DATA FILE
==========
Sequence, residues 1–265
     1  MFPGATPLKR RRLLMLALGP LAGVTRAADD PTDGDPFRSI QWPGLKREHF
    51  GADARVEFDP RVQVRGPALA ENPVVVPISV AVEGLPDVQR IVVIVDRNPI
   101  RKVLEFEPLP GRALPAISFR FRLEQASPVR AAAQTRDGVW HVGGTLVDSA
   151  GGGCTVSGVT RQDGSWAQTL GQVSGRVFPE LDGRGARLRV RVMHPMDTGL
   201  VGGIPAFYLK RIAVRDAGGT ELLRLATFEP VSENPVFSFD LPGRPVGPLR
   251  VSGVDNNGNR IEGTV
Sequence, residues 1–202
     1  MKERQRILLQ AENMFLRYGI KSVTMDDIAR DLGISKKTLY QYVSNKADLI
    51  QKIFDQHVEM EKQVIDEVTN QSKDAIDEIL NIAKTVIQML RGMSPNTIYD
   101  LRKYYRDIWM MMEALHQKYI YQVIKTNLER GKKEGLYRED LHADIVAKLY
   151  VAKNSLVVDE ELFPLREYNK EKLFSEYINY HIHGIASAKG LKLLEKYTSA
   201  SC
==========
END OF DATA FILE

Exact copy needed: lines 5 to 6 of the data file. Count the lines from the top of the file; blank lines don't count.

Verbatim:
   151  GGGCTVSGVT RQDGSWAQTL GQVSGRVFPE LDGRGARLRV RVMHPMDTGL
   201  VGGIPAFYLK RIAVRDAGGT ELLRLATFEP VSENPVFSFD LPGRPVGPLR